What is a tummy gap (aka Diastasis Recti or Rectus Diastasis Abdominis (RDA))? A tummy gap occurs naturally in all women during pregnancy. Your ‘abs’ or ‘six pack’ muscles – officially called rectus abdominis – naturally relax apart to allow your bump to grow and give your baby room in the womb. The issue is not that it happens during the pregnancy, it’s what happens after the birth – did these muscles snap back into place or have they still not joined back up – a third of all mums have a tummy gap even 8 weeks after birth.
Who is at risk? Women more at risk of having a tummy gap are those who had twins, bigger babies or have stretch marks, although it can happen to anyone. One in three women have a tummy gap greater than two fingers wide.
Why does it matter? When you have a tummy gap it’s harder to regain core stability in the abdomen and pelvic area and this means you’re at greater risk of developing back pain, prolapse and urinary incontinence. If the gap is very big it can also affect breathing, bowel movements and cause other abdominal problems as well as affecting your general posture.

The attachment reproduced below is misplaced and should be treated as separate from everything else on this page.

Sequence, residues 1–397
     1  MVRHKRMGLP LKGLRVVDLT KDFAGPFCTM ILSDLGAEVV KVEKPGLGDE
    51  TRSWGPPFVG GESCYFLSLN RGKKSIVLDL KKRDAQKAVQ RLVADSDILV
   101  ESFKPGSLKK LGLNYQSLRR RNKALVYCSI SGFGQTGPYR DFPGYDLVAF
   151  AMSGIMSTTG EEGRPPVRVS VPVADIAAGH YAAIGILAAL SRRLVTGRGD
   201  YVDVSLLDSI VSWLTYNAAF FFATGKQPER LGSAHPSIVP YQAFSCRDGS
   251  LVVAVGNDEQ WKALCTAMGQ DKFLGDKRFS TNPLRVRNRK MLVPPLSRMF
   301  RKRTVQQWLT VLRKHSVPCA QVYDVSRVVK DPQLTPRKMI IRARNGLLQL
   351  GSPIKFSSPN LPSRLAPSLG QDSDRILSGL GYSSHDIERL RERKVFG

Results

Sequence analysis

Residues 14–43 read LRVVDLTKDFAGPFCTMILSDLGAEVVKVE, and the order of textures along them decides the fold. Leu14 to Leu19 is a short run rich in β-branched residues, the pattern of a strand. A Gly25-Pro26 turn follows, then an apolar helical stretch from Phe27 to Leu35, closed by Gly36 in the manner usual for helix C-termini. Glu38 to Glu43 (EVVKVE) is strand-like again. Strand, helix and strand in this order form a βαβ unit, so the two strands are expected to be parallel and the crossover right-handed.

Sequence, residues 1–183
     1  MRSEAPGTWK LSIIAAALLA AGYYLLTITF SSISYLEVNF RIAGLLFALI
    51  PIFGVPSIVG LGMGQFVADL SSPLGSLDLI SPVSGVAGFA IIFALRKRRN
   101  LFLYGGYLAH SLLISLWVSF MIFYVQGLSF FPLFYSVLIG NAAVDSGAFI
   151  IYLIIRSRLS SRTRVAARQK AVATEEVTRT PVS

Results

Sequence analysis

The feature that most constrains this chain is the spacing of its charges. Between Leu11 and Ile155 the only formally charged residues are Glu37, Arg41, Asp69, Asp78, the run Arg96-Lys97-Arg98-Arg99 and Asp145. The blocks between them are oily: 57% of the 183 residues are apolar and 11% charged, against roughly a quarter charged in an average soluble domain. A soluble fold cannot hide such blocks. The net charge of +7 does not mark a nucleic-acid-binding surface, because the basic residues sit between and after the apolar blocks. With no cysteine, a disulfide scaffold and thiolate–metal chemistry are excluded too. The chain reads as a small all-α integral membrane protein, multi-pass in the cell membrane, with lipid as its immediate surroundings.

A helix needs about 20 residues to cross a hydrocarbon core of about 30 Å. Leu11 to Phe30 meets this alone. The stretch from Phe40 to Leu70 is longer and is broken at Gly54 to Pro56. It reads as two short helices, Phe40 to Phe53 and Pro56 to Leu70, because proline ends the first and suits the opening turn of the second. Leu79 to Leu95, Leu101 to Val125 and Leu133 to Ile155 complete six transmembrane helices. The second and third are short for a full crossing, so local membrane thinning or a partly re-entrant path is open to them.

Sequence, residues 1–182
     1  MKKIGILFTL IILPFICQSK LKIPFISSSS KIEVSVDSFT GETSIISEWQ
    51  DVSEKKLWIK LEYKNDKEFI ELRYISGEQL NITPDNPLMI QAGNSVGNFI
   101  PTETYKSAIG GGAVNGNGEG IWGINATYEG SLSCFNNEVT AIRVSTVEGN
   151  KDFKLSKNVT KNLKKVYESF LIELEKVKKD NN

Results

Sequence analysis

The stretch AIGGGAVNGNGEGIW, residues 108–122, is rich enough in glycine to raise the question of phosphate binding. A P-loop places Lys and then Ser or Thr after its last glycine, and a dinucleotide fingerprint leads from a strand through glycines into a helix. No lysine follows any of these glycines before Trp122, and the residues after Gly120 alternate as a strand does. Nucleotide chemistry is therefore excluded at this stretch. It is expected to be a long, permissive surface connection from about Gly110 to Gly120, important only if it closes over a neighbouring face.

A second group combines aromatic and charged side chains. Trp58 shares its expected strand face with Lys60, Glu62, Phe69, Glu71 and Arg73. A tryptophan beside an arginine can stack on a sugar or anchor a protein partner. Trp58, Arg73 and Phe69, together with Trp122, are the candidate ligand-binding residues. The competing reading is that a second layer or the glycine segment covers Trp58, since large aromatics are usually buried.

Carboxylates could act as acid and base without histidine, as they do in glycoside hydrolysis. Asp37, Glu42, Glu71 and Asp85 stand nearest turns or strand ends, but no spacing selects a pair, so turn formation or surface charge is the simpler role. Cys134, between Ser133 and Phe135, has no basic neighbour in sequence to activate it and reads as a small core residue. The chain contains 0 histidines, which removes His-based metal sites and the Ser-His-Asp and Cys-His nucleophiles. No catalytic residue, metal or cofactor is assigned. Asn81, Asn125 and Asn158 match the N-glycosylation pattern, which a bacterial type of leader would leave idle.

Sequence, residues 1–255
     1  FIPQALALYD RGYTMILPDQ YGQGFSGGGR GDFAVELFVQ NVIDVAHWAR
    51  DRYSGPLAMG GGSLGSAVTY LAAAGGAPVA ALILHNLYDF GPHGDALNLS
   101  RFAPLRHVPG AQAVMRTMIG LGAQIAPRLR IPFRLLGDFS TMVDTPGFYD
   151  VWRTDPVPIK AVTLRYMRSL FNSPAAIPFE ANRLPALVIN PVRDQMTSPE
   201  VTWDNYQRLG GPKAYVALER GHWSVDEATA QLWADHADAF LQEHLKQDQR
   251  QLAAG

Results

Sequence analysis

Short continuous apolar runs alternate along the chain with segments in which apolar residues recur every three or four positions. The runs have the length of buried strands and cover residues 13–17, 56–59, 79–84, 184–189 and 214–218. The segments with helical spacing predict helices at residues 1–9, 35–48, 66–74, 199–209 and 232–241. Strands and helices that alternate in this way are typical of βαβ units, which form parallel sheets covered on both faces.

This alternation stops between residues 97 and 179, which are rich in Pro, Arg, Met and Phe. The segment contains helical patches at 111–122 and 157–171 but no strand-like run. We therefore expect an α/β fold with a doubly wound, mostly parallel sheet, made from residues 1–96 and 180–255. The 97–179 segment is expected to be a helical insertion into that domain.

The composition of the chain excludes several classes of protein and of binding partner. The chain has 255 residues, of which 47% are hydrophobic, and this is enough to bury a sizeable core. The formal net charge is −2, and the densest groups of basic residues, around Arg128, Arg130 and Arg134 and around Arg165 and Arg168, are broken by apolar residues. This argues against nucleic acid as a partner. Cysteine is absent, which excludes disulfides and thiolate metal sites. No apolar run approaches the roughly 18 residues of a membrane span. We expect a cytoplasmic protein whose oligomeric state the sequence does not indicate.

Do you have a tummy gap? Many mums are unaware they still have a tummy gap and go back to boot camp, pilates and cycling but this can make the gap worse and make your tummy bulge. To find out if you have a tummy gap try our self check assessment by following the easy steps below.
How to Self-Check Two weeks after the birth of your baby, lie flat and bend your knees up as if about to do a sit up. Place your fingers gently just above your tummy button and then lift your head and shoulders slightly as if starting a sit up but rest there. Check how many fingers you can fit in the gap between the muscles. Repeat the check each week and by 8 weeks the finger gap should be no more than 2 fingers wide. Until this point, no abdominal exercise like crunches/planks etc should be undertaken. Pelvic Floor exercises and deep tummy TVA work can be started.
Statistics: Over one third – 36% – of all women still have a tummy gap greater than 2 fingers eight weeks after giving birth. Of that third of women who still have a tummy gap, two thirds of those – 66% – will develop a pelvic related health issue. Get the gap checked !
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